Wednesday, February 15, 2012

Six First Novels for African Heritage Month

We've talked more than once on this blog about the pleasure in discovering authors through their first novels. Looking for a new and interesting way to explore African Heritage Month?

Why not take a peek at one of these first novels, which explore different facets of the black cultural experience. While the settings are varied - historical and contemporary, local and global - each offers an introduction to a talented new novelist.

The Second Life of Samuel Tyne (M)
by Esi Edugyan

After her nomination last year for the 3 major Canadian fiction prizes and the Booker Prize, there are few Canadian Literature fans who don't know the name Esi Edugyan. In the end, Half Blood Blues took the Giller Prize and gained the Victoria, BC author a much wider readership. Following all the prize attention, I wonder how many readers took time to revisit Edugyan's first novel, The Second Life of Samuel Tyne. Set in late 1960s Alberta, it is the story of a Ghanaian man who moves his family to a small town after inheriting a home there. Part historical novel and part suspense tale, Library Journal described the book as a "hauntingly elegant debut" that "effectively blends sharp existential observations with spare, graceful prose to provide a wrenching portrait of one man's lifelong struggle with alienation".

Where the Line Bleeds (M)
by Jesmyn Ward

Another author whose recent win of a major book award (the 2011 National Book Award for Salvage the Bones—her second novel) makes revisiting her first novel seem like a very good idea. Where the Line Bleeds is set on the Gulf Coast, post-Hurricane Katrina and follows twin brothers trying to make it in a world of economic hardship: one lands a job, but one turns to drug dealing to make ends meet. A moving character study, in their starred review, Publishers Weekly said "A fresh new voice in American literature, Ward unflinchingly describes a world full of despair but not devoid of hope."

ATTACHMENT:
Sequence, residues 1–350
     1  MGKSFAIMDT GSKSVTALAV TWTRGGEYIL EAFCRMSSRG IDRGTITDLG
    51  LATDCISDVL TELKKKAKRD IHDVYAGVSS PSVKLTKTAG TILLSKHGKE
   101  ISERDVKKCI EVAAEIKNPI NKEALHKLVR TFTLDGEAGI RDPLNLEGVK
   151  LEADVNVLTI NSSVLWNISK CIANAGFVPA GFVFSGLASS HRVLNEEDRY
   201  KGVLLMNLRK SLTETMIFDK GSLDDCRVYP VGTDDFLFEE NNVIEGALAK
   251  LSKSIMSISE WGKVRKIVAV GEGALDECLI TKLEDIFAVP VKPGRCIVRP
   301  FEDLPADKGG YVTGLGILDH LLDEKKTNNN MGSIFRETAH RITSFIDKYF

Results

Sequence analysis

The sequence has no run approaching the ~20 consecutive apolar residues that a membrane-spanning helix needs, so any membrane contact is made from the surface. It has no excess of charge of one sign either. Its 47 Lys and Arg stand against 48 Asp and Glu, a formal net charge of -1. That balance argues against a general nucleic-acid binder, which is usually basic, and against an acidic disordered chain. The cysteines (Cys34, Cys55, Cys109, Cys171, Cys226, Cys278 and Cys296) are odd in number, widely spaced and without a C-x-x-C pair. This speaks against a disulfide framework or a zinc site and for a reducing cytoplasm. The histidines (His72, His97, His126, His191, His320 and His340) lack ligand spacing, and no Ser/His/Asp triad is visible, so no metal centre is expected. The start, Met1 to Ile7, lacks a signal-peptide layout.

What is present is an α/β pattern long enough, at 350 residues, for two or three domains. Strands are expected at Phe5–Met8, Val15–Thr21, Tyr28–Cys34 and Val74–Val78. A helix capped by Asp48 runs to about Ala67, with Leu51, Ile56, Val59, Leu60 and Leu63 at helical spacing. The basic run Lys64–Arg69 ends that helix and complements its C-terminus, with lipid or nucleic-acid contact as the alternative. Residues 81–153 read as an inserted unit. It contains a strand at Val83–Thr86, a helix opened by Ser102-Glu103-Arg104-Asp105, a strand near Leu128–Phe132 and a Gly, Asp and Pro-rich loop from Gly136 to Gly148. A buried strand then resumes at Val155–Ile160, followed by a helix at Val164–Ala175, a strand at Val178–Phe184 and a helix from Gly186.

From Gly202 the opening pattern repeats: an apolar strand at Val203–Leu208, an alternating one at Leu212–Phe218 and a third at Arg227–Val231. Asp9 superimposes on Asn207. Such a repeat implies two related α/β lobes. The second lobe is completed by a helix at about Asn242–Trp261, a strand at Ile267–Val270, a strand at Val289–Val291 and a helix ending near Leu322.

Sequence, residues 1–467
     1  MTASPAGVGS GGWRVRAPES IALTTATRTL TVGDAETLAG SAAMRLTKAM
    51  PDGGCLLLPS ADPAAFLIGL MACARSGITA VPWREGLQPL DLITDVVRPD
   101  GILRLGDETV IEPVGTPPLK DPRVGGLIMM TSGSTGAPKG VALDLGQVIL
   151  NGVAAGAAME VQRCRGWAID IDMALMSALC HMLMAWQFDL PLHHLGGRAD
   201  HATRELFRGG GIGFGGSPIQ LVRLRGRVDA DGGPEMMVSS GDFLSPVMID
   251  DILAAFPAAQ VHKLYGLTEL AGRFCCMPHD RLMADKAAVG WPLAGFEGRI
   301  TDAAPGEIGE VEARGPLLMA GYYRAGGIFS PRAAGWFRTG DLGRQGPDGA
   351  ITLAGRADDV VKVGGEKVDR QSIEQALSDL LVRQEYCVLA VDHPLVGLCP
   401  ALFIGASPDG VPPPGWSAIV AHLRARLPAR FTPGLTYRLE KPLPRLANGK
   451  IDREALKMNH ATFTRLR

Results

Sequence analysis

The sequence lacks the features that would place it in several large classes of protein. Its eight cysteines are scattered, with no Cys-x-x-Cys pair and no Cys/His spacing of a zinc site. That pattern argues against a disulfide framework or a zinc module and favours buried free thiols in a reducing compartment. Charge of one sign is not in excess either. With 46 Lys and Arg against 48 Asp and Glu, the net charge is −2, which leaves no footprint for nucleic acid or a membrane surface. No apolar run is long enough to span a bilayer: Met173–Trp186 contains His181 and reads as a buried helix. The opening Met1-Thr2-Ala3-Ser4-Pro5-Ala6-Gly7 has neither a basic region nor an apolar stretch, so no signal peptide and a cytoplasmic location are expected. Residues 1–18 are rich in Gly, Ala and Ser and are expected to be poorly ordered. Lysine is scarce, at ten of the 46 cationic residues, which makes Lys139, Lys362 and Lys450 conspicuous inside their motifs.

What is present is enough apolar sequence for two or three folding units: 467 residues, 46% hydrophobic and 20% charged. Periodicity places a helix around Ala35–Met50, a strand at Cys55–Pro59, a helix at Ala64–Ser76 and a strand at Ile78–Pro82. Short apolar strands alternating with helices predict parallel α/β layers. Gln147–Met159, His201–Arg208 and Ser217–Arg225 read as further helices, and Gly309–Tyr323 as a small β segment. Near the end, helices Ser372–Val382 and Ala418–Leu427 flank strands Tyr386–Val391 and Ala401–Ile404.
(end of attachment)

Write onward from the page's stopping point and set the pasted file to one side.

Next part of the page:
Open City (M)
by Teju Cole

Thirty-six year old author Cole was named one of the New Yorker's 20 best authors under 40 in 2010. Born in New York and raised in Nigeria, his first novel blends both settings in a reflective story about identity and isolation. From the book jacket: "Along the streets of Manhattan, a young Nigerian doctor doing his residency wanders aimlessly. The walks meet a need for Julius: they are a release from the tightly regulated mental environment of work, and they give him the opportunity to process his relationships, his recent breakup with his girlfriend, his present, his past. Though he is navigating the busy parts of town, the impression of countless faces does nothing to assuage his feelings of isolation."

Minding Ben (M)
by Victoria Brown

We actually did a post last spring on Victoria Brown's first novel Minding Ben, the story of a young Trinidadian nanny living in New York and suffering the many demands of the rich Manhattan family who have hired her as a nanny. The publisher dubs the book "The Nanny Diaries meets The Help" for its mix of cultural and economic commentary: Library Journal called it " fascinating, tender, and heartbreaking." The novel got a lot of buzz when it was first released, and continues a popular choice for bookclubs.

Kameleon Man (M)
by Kim Barry Brunhuber

Stacey Schmidt is a young man from suburban Ottawa who is suddenly pulled into the fast paced world of the Toronto fashion industry. "But does he really want the glitz? Deep down he hungers to make it as a serious photographer, but the gaudy lures and traps of male modelling never cease to tempt him." Brunhuber uses the backdrop of the fashion industry to ask questions about race and identity in a novel that George Elliott Clarke called "snappy with subversive comedy and glimmering with beautiful writing..."(quotes from book jacket)

Chasing Freedom (M)
by Gloria Wesley

Nova Scotia poet Gloria Wesley released her first novel this past fall. A historical story set primarily in Nova Scotia, but beginning in South Carolina at the close of the Revolutionary War, Chasing Freedom follows the teenage Sarah Redmond, a freed Loyalist slave and her Grandmother Lydia to their new home in Nova Scotia. The promise of freedom and fertile land is far from the reality of their lives in Birchtown. In accessible prose, Wesley tells a important story of African Canadian history in our province.

Please note that Gloria will be reading tonight at the Keshen Goodman Library at 7:00 pm and at the Spring Garden Road Memorial Library on Thursday, February 24th, 12:00 pm. All are welcome!

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